Let's Talk About Plastic
According to EarthDay.org, Americans go through about 1.2 million plastic bottles per minute, and 91% of that plastic is not recycled. That adds up to billions of plastic bottles ending up in landfills and oceans every year.
Today, most product companies still don’t use recycled polyester to make bags or other accessories. Instead, they use virgin polyester, which contributes to the toxic linear economy model of taking more of a resource than necessary, making a product with it, and then sending that product to a landfill to waste away when there is no more use for it.
The manufacturing process for polyester has a huge negative impact on the environment. It uses massive amounts of water, chemicals and fossil fuels and is responsible for polluting wastewater with microplastics, chemicals, and other toxic materials.
Polyester is also not sustainable. The main components in the plastic fibers that make up this fabric come from petroleum, which is a nonrenewable resource.
Still, it can’t be denied that polyester makes a great fabric. It is durable, washable, and easy to print or dye in a wide range of colors. But for companies like Pure Sage that are environmentally conscious, there’s an eco-friendly alternative that comes with all the same advantages of virgin polyester. It’s called rPET, or recycled polyester.
What Is rPET?
Recycled polyester (rRPET) is a fabric made from recycled polyethylene terephthalate (PET), which is a type of plastic.
PET is a synthesis of ethylene glycol and dimethyl terephthalate, both of which are derived from petroleum. It’s the same material that virgin polyester fibers are made from, but the recycled version of the fabric draws its source of PET mostly from discarded clear plastic water bottles.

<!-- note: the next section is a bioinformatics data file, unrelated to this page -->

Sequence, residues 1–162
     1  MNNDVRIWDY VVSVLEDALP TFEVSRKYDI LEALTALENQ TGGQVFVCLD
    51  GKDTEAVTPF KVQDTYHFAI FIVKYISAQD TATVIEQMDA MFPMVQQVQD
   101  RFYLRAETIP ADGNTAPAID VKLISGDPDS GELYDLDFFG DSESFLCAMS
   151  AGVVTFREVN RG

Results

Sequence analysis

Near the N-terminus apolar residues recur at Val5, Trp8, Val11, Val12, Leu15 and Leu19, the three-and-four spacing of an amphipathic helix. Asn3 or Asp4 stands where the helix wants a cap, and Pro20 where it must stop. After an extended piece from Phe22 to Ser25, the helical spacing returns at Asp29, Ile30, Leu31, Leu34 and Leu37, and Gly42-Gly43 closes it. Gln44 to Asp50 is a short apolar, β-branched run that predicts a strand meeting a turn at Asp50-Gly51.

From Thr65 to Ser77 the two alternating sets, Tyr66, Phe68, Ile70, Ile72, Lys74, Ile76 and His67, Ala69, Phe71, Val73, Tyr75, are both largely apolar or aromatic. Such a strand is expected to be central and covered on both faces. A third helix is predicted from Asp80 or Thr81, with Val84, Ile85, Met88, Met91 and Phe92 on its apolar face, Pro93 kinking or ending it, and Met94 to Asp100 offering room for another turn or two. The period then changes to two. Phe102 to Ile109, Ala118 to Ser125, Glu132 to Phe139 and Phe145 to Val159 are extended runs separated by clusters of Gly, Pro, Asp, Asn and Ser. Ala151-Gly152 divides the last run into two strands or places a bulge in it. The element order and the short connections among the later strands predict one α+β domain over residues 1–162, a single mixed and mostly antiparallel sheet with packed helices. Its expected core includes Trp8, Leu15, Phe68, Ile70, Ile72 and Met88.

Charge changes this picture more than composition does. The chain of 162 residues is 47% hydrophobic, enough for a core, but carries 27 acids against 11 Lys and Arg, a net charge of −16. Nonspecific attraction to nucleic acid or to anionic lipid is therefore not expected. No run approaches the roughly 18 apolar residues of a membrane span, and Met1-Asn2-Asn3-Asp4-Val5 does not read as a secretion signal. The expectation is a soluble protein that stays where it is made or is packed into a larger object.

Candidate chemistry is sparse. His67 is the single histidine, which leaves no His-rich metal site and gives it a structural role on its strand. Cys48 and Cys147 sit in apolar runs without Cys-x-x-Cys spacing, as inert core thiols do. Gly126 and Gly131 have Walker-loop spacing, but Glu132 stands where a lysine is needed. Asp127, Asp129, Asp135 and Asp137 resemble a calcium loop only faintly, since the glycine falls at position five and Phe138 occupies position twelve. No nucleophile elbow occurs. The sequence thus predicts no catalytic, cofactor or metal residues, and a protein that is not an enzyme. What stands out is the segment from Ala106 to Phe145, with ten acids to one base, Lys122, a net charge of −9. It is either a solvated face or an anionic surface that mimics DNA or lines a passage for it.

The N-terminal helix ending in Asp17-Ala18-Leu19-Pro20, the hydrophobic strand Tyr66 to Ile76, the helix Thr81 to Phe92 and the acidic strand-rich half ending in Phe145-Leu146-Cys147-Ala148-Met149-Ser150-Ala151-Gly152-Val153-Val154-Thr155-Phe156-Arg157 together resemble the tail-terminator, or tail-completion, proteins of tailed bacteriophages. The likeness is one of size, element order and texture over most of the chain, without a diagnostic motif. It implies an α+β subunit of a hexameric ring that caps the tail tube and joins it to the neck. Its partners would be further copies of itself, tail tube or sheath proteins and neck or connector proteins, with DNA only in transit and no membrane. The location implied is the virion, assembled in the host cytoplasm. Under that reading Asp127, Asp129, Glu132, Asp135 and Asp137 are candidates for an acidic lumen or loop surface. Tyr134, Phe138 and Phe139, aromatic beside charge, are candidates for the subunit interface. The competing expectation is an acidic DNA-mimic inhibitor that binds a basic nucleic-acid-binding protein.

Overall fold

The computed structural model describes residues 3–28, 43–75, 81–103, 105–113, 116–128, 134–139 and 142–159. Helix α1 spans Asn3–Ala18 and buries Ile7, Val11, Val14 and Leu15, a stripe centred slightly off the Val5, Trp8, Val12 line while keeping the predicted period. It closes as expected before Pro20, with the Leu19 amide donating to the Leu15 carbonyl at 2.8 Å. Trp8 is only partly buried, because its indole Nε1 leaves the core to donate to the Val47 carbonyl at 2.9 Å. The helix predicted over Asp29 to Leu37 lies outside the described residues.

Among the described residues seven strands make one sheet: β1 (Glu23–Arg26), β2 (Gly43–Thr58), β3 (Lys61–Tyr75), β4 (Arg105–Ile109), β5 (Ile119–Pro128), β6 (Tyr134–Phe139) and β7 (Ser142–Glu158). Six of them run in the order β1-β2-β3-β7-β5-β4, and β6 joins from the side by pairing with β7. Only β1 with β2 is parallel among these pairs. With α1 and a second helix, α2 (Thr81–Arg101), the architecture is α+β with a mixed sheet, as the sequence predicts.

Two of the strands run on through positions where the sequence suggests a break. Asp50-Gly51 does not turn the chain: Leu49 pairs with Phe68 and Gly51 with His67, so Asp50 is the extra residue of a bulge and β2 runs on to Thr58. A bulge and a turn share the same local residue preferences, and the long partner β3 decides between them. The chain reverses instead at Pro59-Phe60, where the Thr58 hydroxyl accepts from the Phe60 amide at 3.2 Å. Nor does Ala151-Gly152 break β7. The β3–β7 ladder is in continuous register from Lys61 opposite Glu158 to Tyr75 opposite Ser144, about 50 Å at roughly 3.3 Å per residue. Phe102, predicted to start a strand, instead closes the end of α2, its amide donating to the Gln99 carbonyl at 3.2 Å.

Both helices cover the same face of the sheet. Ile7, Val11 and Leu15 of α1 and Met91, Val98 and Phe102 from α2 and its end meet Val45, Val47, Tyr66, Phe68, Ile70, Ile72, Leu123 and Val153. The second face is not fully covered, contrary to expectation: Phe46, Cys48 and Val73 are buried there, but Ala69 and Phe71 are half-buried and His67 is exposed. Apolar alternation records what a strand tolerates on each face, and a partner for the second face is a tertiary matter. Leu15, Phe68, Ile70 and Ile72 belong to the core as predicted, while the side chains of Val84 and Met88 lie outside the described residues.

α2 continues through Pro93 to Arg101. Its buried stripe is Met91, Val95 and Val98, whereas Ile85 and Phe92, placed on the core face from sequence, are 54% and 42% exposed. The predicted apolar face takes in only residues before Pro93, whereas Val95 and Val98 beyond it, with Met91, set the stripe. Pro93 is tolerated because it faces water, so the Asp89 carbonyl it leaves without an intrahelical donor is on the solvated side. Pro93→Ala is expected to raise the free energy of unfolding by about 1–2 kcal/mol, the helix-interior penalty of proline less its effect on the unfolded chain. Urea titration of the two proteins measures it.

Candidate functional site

rPET VS Virgin Polyester
Is there any real difference between recycled polyester and virgin polyester? Let’s compare the materials, sustainability, and cost for both fabrics.
For starters, virgin polyester is made directly from PET, not existing plastic objects like plastic bottles. It requires the PET to be made first from refined petroleum, rather than collected from discarded waste.
When it comes to the end result, though, there isn’t a big difference between recycled polyester and the virgin kind. They are both essentially the same thing: fabric made of PET fibers woven together.
How Is rPET Made?
The process to make rPET begins with collecting sources of PET, which in Pure Sage's case is plastic water and soda bottles that ended up as waste in our oceans.
Step 1: PET bottles are collected and sterilized.
Step 2: The bottles are dried out and crushed up into tiny, chip-sized pieces.
Step 3: The pieces of PET are heated up and pushed through a spinneret to form long strands of yarn.
Step 4: The PET yarn is wound onto spools and sent through a crimping machine. The crimping step is what gives the yarn a fluffy texture.
Step 5: The PET yarn can then be baled, dyed to the desired color, and knitted into fabric.
Another way that recycled polyester is different from the real deal is in its sustainability, from the manufacturing process to the end product. Recycling PET bottles into polyester consumes far less energy and water than synthesizing PET. In fact, the process of manufacturing rPET is 33% to 53% less than manufacturing virgin polyester.
In addition, rPET can be recycled over and over into new items. This means that we wouldn’t have to actually produce any more virgin polyester. We can just continue recycling the same recycled polyester once it’s no longer being used, like an old bag or piece of clothing that you don’t want anymore.
The biggest obstacle standing in the way of this reality is the logistics of collecting, distributing and paying for rPET. It’s a massive undertaking that will require fashion & product companies to rethink and retool their infrastructure from the ground up.
At the end of the day, while rPET does leave a carbon footprint behind, it is significantly smaller than the impact that virgin polyester has on the environment. And it has the potential to be even more sustainable if companies are ever able to start implementing the technology to keep recycling rPET.